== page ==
Picturesque Divalakada | Sunday Observer

Picturesque Divalakada

14 March, 2021

This week I chose to write about ‘Arambe-gedera’ of Divalakada – a beautiful rustic village, adjoining Botalegama in Bulathsinhala in the Kalutara district, rich in greenery, fresh air and beautiful landscapes. It may sound awkward, but ‘Arambe-gedara’ means a home situated in a grove. It is where the renowned journalist and newspaper editor, the late Gunadasa Liyanage was born, on April 22, 1930, and grew up as a village lad.

He had his primary education at the Botalegama Mixed School and later entered Sri Paali College, Horana to pursue his higher education. Botalegama and Divalakada are important to me for two reasons – one, Botalegama is where I was born and grew up as a village boy. The second is its adjoining village of Divalakada, where the author, journalist and newspaper editor, Gunadasa Liyanage was born.

Reaching this scenic destination is not only an adventure in itself but also a reminiscence of my nostalgic memories of four decades, as a village lad. Perhaps, it is because I grew up in Botalegama surrounded by mountains and paddy fields, that I am always enticed by them. I visited Divalakada frequently, as a boy and used to meet Gunadasa Liyanage at his ancestral home – Arambe-gedera.

Recently, I visited Divalakada again and found it completely changed, compared to what it was 30 years ago. I parked the vehicle on the roadside and walked the few yards crossing the paddy fields and reached Arambe-gedara surrounded by a thick grove.“Liyanage’s four children who live in Colombo, never forget to visit their father’s legacy frequently and they also visit us whenever they are here” an elderly villager said. Divalakada, is a historically important ancient village situated in Bulathsinhala. It is mentioned in an ancient chronicle, known as ‘Rajawaliya’ and is also described in Sunethra, a historical novel written by W.A. Silva.

Prince Veediya Bandara

The brownish water of the Kalu Ganga flows west of Divalakada. Kalugala, a hillock overlooking the valley of Kalu Ganga is a tribute to the battle known as ‘Pelada Satana’ between Prince Veediya Bandara and Prince Tikiri believed to have taken place in Divalakada. The warrior prince Veediya Bandara and his queen Sooriyadevi who fled from Seethawaka mustered an Army and weapons at Pelada in Palindanuwara and led a battle against the Portuguese during the latter part of the 16th century.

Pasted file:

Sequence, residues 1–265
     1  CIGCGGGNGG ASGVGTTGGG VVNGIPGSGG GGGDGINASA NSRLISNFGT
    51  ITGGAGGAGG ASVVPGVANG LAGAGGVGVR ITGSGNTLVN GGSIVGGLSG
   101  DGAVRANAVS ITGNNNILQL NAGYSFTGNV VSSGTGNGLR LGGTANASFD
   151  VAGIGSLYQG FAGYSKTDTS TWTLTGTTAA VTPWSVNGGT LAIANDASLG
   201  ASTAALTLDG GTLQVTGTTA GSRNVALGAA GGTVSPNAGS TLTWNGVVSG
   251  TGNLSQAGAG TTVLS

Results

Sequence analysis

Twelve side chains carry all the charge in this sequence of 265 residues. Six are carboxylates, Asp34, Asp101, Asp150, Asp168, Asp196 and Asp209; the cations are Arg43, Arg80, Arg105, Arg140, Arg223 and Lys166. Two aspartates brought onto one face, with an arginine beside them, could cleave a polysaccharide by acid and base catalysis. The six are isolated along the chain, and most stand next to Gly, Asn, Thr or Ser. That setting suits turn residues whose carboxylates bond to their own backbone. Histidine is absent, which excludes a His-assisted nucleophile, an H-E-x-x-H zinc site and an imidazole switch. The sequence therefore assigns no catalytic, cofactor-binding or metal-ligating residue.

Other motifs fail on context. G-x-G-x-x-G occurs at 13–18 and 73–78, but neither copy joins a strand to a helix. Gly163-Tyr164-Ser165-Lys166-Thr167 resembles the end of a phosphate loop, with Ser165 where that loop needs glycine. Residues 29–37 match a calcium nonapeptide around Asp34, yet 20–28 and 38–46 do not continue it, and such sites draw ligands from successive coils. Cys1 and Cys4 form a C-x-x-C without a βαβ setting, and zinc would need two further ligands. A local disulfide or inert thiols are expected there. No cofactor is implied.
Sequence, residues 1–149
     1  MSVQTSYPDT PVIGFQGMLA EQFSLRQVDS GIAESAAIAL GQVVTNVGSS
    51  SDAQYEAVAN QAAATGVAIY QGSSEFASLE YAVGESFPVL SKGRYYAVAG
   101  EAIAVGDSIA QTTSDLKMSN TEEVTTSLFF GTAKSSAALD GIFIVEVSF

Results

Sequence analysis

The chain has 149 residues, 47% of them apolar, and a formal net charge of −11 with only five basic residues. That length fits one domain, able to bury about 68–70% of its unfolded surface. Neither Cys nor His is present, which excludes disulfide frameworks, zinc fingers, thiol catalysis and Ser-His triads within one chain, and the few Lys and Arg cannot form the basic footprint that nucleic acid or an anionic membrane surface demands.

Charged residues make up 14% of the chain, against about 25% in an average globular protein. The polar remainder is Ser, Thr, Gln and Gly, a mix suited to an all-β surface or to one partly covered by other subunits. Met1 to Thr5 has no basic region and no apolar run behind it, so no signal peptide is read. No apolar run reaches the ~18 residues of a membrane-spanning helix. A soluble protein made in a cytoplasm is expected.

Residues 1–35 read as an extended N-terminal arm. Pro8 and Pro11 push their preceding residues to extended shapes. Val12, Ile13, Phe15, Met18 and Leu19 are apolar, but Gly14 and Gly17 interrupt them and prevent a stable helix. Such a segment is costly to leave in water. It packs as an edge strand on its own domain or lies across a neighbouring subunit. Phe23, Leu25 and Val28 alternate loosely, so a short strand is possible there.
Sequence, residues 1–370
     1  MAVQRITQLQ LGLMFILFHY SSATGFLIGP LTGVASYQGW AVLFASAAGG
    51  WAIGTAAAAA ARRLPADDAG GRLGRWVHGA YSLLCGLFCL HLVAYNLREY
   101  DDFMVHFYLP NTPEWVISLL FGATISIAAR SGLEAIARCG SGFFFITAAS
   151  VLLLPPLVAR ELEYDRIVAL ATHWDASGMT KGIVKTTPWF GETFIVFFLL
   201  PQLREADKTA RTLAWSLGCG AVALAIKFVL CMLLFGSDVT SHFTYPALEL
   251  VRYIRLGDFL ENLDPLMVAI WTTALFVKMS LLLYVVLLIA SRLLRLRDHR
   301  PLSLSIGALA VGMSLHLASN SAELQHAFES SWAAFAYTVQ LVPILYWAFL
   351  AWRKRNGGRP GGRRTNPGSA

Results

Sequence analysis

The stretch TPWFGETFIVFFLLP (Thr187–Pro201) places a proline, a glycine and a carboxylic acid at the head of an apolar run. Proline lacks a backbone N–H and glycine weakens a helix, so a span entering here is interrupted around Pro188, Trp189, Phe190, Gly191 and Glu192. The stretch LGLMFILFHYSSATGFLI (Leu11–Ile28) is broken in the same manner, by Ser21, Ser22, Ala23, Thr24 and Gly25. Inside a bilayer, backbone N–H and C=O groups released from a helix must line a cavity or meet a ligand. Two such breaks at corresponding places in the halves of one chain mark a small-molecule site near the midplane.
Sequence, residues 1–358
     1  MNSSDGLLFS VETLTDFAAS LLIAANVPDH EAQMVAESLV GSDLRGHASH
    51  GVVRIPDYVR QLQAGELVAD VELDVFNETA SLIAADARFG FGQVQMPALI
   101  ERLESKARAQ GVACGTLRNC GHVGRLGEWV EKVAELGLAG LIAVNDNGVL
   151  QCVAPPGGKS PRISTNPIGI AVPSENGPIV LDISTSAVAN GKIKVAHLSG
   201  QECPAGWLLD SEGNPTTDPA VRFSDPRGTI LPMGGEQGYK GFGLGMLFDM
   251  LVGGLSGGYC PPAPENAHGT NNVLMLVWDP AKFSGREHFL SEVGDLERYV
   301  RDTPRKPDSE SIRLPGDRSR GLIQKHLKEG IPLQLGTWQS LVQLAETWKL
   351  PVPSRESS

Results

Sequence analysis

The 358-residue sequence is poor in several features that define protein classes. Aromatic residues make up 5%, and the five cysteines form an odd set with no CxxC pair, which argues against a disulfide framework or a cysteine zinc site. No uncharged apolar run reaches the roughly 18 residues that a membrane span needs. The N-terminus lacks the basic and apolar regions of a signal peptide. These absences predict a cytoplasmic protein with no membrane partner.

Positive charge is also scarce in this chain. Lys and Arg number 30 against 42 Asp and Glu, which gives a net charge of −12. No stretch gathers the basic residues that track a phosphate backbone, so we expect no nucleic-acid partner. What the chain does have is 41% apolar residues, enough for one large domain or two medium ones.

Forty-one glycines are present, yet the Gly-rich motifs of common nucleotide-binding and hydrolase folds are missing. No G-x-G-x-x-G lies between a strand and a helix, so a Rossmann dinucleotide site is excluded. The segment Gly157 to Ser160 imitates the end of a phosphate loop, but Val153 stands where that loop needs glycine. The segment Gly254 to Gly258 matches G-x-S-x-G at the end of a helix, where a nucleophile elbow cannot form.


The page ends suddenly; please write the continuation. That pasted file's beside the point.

According to historical notes, Prince Veediya Bandara led a battle against King Mayadunne, the ruler of Seethawaka and the Portuguese and attacked them from time to time, camping at Pelada. After the death of Queen Sooriyadevi, Prince Veediya Bandara married the sister of Prince Tikiri Kumaru (King Mayadunne’s daughter).

King Mayadunne also led a battle against Prince Veediya Bandara due to his cruelty to his daughter. The battle between Prince Veediya Bandara and Prince Tikiri is believed to have taken place at Divalakada near Bulathsinhala. Even today, testimony to this historic event could be witnessed in the village where a generation of blacksmiths who made weapons for the battle and their descendants still live.

The leftovers of the cast iron for making weapons in ancient times known as ‘yabora’ (black gravels) are found in some places in the village. Some ancient coins were also found by villagers in Divalakada while digging the land for cultivation and these coins were handed over to the Department of Archaeology.

Divalakada boasts of a long history and folklore about its origins. In ancient times, this wooded area comprised marshy lands known as Diyavalakada which eventually became Divalakada, which is easier on the tongue. Liyanage loved his rustic village Divalakada and its simple villagers and found a rare peace and quietness there. In the early days, when his mother was alive, he used to come to Divalakada every weekend to visit her. He constructed a small but beautiful house with quite a large pond full of water lilies in the foothill of a wooded hill where his ancestral home ‘Arambe-gedera’ stood.

I have witnessed Liyanage accompanied by his family members spending the holiday and enjoying the rural setting of Divalakada. The placid big pond, was a sought after place for Liyanage’s children, especially, the two young sons, Srimath and Vajira, who are both journalists, today. They would jump into the clear waters from the bund to swim and splash.

Gunadasa Liyanage

The name Gunadasa Liyanage needs no introduction in Sri Lanka’s literary world. During his lifetime he has boosted the publishing of literary works of ordinary men and women, whose lives were made extraordinary with his pen. Liyanage’s writings were simple, with much insight and sincerity, with a touch of psychology.

His stories portrayed characters in all their glory, with humour and satire; he brought out the reality of their lives in a small rural village. Liyanage rose to become the Editor of a few national newspapers and magazines, such as ‘Kalpana’ from the ranks of a provincial reporter. This was due to his perseverance and commitment to journalism. Working under the well-known newspaper editor, D.B. Danapala, he excelled in both Sinhala and English languages in the field of journalism and was once Sri Lanka’s correspondent of the now defunct ‘Asiaweek’ newsmagazine which was published in Hong Kong.

He also excelled in the field of broadcasting and television in the recent past and was presented a Kalasuri title by the government. The towering trees surrounding Aramba-gedera still loom in the backdrop of the lush greenery and paddy fields. The figure of Gunadasa Liyanage who was raised in a rural setting still reverberates in the hearts of the villagers of Divalakada.